Officials, Residents Have Questions About Pay-As-You-Throw
- Written by Administrator
Earlier this month, Public Works Director Tom Daley presented an initial proposal to selectmen about how pay-as-you-throw would work and why the town should adopt it. Daley said a system combining a yearly transfer station fee with a per-bag cost could save the town between $135,000 and $243,000 a year and increase recycling.
Selectwoman Betsy Sullivan said she has received a number of emails from residents about the subject, and she said she thinks everyone realizes that increasing recycling is an important goal.
"For me, personally, I think we need to do some serious work determining what our tax bill includes and what services are provided," Sullivan said. "Should the trash system be completely self supported? No. We pay a nice tax bill and part of those services should be defrayed by that."
Residents currently pay $118 for a transfer station sticker, minus a $10 early bird mail-in discount. In his presentation to selectmen, Daley presented two possible pay-as-you-throw scenarios, both of which would include a sticker cost and an additional cost for bags.
In one scenario, the sticker would cost $120 and bags would be $1 to $1.50 depending upon size.
That scenario would completely cover the cost of operating the transfer station, which has a yearly budget of about $1 million, according to Daley. The second scenario would set the stickers at $85 and the bags once again at $1 or $1.50, depending upon the size.
Sullivan said the town needs to take a hard look at how much of the transfer station's costs should be covered by taxes already paid by residents, and how much should be covered by the sticker and bag fees.
Selectman Chairman Andre Martecchini said that for the first year of pay-as-you-throw, at least, there shouldn't be such an increase in cost that it is a disincentive to use the transfer station. Otherwise, he said, there has gotten a fairly positive response from citizens about the possibility of changing the trash service.
"In general, it seems to be that people are acknowledging the need for it," Martecchini said.
During a recent afternoon at the transfer station, the additional costs associated with a pay-as-you-throw service was a big sticking point with a number of residents who were perusing the wares at the Duxbury Mall or sorting their recycling, none of whom wanted to speak on the record.
"I hope we don't get charged double for it, that's my only problem with it," said one woman. "I think it's a good idea otherwise, and I'd probably recycle a bit more."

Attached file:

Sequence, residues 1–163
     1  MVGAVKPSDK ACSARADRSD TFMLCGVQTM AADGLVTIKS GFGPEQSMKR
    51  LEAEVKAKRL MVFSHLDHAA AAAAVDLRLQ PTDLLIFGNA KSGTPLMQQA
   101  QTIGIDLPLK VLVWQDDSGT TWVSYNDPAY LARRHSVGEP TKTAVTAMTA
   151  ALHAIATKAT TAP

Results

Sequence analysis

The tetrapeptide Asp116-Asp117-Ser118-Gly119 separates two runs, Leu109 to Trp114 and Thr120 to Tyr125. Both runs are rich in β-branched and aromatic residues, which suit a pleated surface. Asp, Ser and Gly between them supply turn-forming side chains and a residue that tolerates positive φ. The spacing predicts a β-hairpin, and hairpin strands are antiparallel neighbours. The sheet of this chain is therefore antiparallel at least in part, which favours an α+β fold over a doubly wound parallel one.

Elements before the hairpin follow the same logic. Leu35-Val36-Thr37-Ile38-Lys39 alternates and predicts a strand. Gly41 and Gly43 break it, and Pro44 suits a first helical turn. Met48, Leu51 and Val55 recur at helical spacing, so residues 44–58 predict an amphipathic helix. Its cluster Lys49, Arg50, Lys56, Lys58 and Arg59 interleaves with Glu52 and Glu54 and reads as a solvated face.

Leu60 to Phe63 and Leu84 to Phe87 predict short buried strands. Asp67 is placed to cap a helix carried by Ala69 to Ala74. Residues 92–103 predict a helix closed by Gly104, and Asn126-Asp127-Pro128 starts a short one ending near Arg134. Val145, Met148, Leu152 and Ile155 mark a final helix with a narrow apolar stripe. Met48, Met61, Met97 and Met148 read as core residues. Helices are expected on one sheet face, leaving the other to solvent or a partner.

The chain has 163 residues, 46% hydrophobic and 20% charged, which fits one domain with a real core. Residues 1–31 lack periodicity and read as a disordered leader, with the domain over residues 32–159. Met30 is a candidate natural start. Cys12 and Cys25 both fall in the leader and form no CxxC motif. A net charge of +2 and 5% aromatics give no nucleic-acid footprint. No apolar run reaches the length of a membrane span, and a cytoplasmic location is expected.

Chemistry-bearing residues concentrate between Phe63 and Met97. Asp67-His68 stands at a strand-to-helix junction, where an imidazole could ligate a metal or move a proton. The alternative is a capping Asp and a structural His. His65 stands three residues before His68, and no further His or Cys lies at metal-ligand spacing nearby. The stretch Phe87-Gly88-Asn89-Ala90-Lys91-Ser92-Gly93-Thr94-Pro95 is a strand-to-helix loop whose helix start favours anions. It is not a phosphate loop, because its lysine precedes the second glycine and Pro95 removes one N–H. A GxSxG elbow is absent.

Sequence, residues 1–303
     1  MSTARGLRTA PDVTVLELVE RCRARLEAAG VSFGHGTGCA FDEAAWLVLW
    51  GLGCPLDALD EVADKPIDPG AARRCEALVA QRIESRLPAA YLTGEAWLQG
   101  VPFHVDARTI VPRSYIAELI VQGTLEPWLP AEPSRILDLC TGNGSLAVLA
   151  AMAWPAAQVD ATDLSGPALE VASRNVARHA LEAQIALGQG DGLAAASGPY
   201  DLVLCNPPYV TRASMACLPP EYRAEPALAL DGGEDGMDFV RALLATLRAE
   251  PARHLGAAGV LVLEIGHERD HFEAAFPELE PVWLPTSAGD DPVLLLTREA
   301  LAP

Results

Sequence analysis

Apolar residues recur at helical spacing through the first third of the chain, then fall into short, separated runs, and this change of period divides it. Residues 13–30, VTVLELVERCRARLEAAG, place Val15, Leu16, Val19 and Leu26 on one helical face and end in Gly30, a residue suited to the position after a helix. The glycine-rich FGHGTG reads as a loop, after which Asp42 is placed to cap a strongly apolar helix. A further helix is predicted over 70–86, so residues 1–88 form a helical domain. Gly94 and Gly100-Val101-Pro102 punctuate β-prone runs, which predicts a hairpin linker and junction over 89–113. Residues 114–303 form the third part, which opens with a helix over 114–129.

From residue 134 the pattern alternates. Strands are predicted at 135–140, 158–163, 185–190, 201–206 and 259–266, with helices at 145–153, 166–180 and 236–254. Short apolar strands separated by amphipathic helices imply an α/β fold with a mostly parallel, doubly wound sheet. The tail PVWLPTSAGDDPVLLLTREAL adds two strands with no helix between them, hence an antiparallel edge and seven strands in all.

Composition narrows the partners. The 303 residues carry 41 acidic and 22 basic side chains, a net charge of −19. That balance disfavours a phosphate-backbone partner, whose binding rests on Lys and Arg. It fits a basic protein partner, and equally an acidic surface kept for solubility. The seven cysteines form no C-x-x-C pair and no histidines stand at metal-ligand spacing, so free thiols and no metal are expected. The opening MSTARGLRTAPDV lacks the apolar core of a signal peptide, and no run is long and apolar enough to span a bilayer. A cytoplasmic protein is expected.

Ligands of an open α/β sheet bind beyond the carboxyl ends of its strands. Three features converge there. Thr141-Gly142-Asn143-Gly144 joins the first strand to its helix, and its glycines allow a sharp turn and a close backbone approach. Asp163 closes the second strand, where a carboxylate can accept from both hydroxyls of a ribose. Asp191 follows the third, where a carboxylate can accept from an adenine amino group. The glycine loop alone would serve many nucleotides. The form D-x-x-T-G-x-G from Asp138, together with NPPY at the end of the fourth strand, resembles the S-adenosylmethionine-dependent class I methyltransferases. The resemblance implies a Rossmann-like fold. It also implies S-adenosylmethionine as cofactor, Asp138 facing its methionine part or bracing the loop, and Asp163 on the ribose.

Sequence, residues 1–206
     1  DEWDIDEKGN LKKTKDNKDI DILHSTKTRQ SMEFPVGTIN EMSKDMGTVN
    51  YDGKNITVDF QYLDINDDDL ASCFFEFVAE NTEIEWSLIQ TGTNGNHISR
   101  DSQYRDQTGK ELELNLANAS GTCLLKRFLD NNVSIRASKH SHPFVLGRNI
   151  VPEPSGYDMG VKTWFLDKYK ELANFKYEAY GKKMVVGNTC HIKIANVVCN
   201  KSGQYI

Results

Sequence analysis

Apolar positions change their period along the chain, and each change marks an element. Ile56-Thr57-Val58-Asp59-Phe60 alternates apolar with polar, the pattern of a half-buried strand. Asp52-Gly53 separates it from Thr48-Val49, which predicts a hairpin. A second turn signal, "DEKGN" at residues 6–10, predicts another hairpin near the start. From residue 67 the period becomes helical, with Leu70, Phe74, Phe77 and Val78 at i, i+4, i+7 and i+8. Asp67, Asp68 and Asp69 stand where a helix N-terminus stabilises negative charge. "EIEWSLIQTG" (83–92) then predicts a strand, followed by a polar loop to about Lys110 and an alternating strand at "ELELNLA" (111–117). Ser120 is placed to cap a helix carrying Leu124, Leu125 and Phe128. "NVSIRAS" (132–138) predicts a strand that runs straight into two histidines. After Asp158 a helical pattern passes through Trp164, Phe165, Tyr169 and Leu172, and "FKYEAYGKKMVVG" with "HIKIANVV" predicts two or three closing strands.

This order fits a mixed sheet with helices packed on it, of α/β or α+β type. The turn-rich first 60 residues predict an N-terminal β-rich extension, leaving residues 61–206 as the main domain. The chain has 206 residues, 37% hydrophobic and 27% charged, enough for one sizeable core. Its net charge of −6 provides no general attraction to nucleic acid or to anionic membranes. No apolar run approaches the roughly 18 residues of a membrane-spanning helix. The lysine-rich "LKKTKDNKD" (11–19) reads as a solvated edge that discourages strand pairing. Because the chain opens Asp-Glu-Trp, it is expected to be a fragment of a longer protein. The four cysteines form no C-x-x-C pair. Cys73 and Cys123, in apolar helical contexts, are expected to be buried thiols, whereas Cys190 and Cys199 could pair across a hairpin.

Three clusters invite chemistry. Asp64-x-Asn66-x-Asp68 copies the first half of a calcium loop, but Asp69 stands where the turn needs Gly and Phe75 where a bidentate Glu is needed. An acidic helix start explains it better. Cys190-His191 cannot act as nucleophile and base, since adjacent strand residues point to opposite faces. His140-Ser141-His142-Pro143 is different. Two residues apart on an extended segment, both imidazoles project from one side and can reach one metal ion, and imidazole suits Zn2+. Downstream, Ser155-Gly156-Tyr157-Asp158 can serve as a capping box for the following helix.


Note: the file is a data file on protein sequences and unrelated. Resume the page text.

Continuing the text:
Someone else said the town has to do something to increase recycling.
"I'm not sure what that something is," he said. "I guess I'm almost in favor of it."
Another woman said she was in favor of incentives to increase recycling, but said she wasn't crazy about a plan that would include the not so environmentally friendly requirement to purchase double-lined plastic bags.
One woman at the recycling bins said she is totally against the pay-as-you-throw plan.
"We already pay enough and we do all of the work here," she said as she emptied glass bottles from her car. "I'll be 65 and I'm not interested in paying any more money."
She said that most people in town already recycle, and she also said the town should be trying to reduce plastic, and not forcing residents to purchase plastic bags.
Washington Street resident Steven Antonellis has also stated that he is against the pay-as-you-throw system, pointing out that residents have done an admirable job for years disposing of trash and recycling. He stated that a pay-as-you-throw system would only lead to private trash hauling trucks rumbling through the neighborhoods of Duxbury.
Town Manager Richard MacDonald noted that Daley's presentation to selectmen was strictly an informational presentation, and that there is still much information to be gathered before any kind of pay-as-you-throw system is enacted by the town.
"We will have to go before selectmen again," he said. "Tom Daley will be at a joint meeting of the Transfer Station and Fiscal Advisory committees to set fees, and then he'll be before selectmen again with a solid proposal."
The purpose of a pay-as-you-throw system is to reduce trash at the transfer station and increase recycling, MacDonald said.
"There is a financial benefit to reducing trash," MacDonald said.
Hauling trash to the SEMASS incinerator in Rochester costs $99 a ton, or about $536,000 a year, according to Daley.
In addition to weighing the financial aspects of a pay-as-you-throw system, Sullivan said, the town also has to take a look at the current recycling system at the transfer station.
"We need to really get it down to a science and make [recycling] as easy to do as possible," she said. Sullivan said Daley has done a good job with recycling at the transfer station, but that there is still some more tweaking needed to make the recycling process a smooth one for residents.
Martecchini agreed that there needs to be an improvement in the town's recycling system at the transfer station.
"Tom Daley and the DPW staff understand that and they're working on it," he said.
If Duxbury does go to a pay-as-you-throw system, it will join about 120 communities in the state that have a similar type of service.
Marshfield recently went to a curbside pay-as-you-throw system, where residents purchase trash bags, but do not necessarily have to purchase a separate transfer station sticker. Scituate's system requires residents to purchase a landfill sticker for $75, and then they must purchase bags at a cost of $10 for 10 30-gallon bags or $5 for a package of 10 15-gallon bags.
Kingston has a system similar to Duxbury's current system, where residents pay $130 for a transfer station sticker.